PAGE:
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MetLife Lifts Dividend First Time Since 2007

MetLife Inc. exited bank status in February after reaching deals for the sale of deposits and reverse-mortgage and home-loan units. Photographer: Scott Eells/Bloomberg
MetLife Inc. exited bank status in February after reaching deals for the sale of deposits and reverse-mortgage and home-loan units. Photographer: Scott Eells/Bloomberg

April 23 (Bloomberg) -- MetLife Inc., the largest U.S. life insurer, raised its dividend 49 percent in the first increase since 2007, after its exit from banking limited oversight from the Federal Reserve. The company gained the most since January in New York trading.

The quarterly dividend of 27.5 cents per share is payable June 13 to shareholders of record as of May 9, the New York-based insurer said today in a statement. The previous payout was 18.5 cents.

MetLife is returning capital to shareholders after scaling back the U.S. oversight that had frustrated Chief Executive Officer Steven Kandarian’s plans for buybacks and a dividend boost. The insurer exited bank status in February after reaching deals for the sale of deposits and reverse-mortgage and home-loan units. Smaller rivals including No. 2 Prudential Financial Inc. didn’t face the same restrictions and raised their payouts.

“This action by our board makes our dividend more competitive,” Kandarian said in the statement.

MetLife advanced $1.95, or 5.5 percent, to $37.74 at 4 p.m. in New York. The insurer has rallied 15 percent this year.

As one of the largest bank-holding companies, MetLife had to submit its capital plans for Fed approval. Under the Dodd-Frank law, the Fed oversees capital at the biggest lenders to prevent a repeat of the 2008 financial crisis.

MetLife’s annual dividend has been 74 cents a share since 2007 and the insurer last authorized a buyback in 2008. The company switched to a quarterly payment this year.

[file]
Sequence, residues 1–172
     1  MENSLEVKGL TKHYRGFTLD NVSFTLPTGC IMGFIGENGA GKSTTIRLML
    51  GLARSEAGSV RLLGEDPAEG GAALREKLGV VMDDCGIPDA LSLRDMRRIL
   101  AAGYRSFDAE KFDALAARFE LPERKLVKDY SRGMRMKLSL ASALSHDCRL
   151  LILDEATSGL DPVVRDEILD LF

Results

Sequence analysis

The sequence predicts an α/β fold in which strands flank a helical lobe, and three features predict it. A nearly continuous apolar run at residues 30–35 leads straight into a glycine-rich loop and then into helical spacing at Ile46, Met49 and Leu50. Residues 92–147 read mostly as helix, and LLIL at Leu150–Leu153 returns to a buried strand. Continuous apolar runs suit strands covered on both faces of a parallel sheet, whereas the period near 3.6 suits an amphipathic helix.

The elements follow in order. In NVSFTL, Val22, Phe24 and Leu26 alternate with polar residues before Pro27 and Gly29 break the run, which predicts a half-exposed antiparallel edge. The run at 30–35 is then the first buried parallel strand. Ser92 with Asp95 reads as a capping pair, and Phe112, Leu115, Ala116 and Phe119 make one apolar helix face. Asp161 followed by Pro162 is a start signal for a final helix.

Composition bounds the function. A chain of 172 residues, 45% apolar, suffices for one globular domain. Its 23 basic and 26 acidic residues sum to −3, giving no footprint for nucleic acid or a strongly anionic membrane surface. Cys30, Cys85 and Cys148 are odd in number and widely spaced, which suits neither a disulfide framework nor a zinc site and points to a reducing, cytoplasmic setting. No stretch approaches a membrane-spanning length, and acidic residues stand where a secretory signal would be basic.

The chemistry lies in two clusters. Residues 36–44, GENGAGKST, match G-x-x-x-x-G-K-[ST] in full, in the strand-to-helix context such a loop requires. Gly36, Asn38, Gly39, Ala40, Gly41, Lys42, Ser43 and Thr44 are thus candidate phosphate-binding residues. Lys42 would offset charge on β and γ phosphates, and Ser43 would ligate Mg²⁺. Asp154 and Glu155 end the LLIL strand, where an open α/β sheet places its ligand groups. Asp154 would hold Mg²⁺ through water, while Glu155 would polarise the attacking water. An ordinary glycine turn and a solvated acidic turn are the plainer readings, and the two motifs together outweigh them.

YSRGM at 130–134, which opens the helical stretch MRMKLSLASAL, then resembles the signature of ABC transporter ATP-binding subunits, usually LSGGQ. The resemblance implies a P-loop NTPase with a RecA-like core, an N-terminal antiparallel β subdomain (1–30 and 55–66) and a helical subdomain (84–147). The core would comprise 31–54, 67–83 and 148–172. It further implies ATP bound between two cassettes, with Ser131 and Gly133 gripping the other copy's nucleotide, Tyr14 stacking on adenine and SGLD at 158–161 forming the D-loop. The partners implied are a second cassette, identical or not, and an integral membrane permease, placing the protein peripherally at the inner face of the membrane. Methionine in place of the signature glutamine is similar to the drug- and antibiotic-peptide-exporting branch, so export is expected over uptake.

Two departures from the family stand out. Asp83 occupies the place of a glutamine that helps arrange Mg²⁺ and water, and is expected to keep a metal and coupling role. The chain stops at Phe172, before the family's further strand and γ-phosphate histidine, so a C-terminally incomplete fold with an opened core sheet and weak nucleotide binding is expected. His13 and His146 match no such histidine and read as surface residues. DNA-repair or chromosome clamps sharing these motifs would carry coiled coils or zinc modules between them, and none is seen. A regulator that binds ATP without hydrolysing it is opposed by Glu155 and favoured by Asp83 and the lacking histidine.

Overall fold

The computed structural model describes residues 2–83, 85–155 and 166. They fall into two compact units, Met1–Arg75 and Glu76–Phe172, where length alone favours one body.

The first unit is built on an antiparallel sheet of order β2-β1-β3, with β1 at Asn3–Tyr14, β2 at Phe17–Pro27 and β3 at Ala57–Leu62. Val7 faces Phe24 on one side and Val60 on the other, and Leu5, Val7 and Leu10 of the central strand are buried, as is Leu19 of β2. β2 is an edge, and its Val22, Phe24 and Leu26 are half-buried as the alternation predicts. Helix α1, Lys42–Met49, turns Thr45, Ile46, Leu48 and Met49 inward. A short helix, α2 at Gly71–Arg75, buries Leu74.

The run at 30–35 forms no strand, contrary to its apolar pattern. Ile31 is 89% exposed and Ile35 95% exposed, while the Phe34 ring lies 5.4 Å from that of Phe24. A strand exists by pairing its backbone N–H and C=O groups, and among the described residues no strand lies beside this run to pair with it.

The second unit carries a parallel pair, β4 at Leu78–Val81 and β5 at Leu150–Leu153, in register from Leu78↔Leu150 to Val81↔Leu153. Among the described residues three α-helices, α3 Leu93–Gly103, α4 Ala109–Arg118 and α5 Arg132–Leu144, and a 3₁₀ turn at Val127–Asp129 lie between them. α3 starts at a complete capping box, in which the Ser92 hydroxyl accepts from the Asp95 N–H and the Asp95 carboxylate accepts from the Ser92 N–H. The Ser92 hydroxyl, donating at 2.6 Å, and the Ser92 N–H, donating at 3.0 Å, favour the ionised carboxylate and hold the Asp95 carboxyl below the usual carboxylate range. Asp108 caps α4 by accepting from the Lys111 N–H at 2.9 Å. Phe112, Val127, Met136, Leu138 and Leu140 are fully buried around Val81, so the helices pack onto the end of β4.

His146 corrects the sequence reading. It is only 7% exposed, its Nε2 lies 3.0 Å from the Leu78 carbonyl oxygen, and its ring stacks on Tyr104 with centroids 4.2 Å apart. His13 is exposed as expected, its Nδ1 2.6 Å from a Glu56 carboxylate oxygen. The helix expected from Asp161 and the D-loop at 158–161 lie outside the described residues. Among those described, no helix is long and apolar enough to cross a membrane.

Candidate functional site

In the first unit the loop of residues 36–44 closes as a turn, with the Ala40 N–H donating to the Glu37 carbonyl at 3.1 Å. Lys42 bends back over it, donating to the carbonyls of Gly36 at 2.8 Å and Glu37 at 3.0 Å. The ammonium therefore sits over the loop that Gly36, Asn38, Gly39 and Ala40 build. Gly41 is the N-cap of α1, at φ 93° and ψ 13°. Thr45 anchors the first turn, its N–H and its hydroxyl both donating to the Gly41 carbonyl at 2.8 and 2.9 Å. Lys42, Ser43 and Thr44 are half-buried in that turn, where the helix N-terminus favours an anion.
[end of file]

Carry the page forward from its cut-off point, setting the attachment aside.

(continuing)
Systemically Important

The Fed last year rejected MetLife’s plans to repurchase $2 billion in shares and boost its annual dividend to $1.10 after finding that it would fall short of U.S. capital standards in a severe economic downturn.

MetLife has said banking rules aren’t a good fit for life insurers, which often retain policyholder funds for decades before paying benefits and may be less vulnerable to client withdrawals. U.S. insurers are mostly regulated by states.

MetLife may eventually be regulated by the Fed as a non-bank systemically important financial institution after exiting bank status, Kandarian said in December. Newark, New Jersey-based Prudential and American International Group Inc. have also said the Fed may deem them systemically important.

AIG, which discontinued its dividend in 2008, jumped 5.2 percent to $40.62, the most since December. Prudential climbed 3.3 percent.

Robert Benmosche, CEO of New York-based AIG, has said that the insurer’s ability to pay a dividend may depend on a Fed review of capital.

To contact the reporters on this story:

Zachary Tracer in New York at ztracer1@bloomberg.net;

To contact the editor responsible for this story: Dan Kraut at dkraut2@bloomberg.net

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